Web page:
Something that comes across is that sometimes you have to “lie”, that is say something that is not factually correct, in order to tell a deeper truth. Whenever we talk about big concepts, we stray from straight fact and reach for metaphor. For an example of this, I use an excerpt from the recently reviewed Julie and Julia:
I believe that calves’ liver is the single sexiest food that there is… The reason people despise liver is that to eat it you must submit to it – just like you must submit to a really stratospheric fuck. Remember when you were nineteen and you went at it like it was a sporting event? Well, liver is the opposite of that. With liver you’ve got to will yourself to slow down. You’ve got to give yourself over to everything that’s a little repulsive, a little scary, a little too much about it. When you buy it from the butcher, when you cook it in a pan, when you eat it, slowly, you ever can get away from the feral fleshiness of it. Liver forces you to access taste buds you didn’t know you had, and it’s hard to open yourself to it.
I think this speaks for itself. (Someone will probably argue this is a simile but I think it blurs the line).
The truth in lies idea also reminded me of a line from this video, by John Green: “Nostalgia is inevitably a yearning for a past that never existed, and when I'm writing, there are no bees to sting me out of my sentimentality. For me at least, fiction is the only way I can even begin to twist my lying memories into something true.”
John Green says it better than I can, but what he’s saying is what fiction is like. Fiction is telling a story that didn’t happen in order to convey truth.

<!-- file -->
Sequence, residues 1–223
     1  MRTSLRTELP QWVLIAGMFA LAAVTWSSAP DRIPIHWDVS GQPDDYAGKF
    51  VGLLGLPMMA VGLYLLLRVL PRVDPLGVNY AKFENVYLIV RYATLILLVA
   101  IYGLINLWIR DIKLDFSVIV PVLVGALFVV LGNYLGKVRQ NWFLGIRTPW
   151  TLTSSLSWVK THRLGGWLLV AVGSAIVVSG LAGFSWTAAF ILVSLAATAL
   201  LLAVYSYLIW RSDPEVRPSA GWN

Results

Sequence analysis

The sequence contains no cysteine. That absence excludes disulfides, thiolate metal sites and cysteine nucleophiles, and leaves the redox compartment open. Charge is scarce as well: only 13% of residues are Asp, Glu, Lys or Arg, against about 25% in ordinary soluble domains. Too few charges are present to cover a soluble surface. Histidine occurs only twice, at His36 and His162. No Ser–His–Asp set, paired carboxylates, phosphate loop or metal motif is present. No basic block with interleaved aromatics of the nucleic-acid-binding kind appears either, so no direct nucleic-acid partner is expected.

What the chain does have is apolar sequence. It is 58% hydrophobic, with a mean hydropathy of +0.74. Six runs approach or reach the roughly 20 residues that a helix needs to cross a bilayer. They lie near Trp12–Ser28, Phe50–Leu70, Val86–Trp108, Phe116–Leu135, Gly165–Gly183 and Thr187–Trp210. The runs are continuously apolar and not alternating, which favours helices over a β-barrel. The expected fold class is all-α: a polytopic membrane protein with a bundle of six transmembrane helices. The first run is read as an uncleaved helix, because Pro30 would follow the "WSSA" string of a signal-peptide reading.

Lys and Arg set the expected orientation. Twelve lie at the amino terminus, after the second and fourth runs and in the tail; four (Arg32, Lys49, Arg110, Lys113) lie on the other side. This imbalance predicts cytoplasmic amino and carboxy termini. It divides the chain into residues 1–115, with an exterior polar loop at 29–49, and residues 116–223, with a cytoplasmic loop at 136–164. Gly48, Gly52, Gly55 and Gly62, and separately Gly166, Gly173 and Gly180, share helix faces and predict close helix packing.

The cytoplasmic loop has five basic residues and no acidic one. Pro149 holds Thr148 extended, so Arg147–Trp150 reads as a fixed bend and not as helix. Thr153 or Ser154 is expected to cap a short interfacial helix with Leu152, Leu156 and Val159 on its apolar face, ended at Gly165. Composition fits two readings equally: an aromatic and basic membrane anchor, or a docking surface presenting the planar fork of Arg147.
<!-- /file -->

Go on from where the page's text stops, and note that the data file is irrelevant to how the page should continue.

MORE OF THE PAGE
The other most interesting part of the story comes right at the end, so if you’ve coped with the spoilers so far but you don’t want the end of the story ruined, BACK OUT NOW BIG SPOILER COME BACK WHEN YOU’VE READ IT (Highlight to read).
At the end of the book the Arieke have to learn to “lie” in order to save their lives and their world. They have to recognise that terre are sentient beings who can communicate. They have to split the signifier and the signified: “What they spoke now weren’t things or moments anymore but the thoughts of them, pointings-at; meaning no longer a flat facet of essence; signs ripped from what they signed” (365).
This is an incredibly painful process. They are essentially destroying their mind and their worldview and rebuilding it. “No wonder it made them sick. They were like new vampires, retaining memories while they sloughed off lives. They’d never be cured. They went quiet one by one, and not because their crisis ended. They were in a new world. It was the world we live in” (366).
This reminds me of my daily life. People I see every day still remember a time when there were no settlers, when colonialism did not touch them, at least not directly. The process of colonisation is ongoing, and it is sometimes painful. Reading this description of the Hosts’ minds being destroyed and remade instantly made me think of people here trying to adapt to a balanda (white person) way of life. I don’t think it’s impossible to live in both cultures and be considered a success according to both world-views, but it is very difficult. I think the destroying and remaking of the mind is a very powerful… wait for it…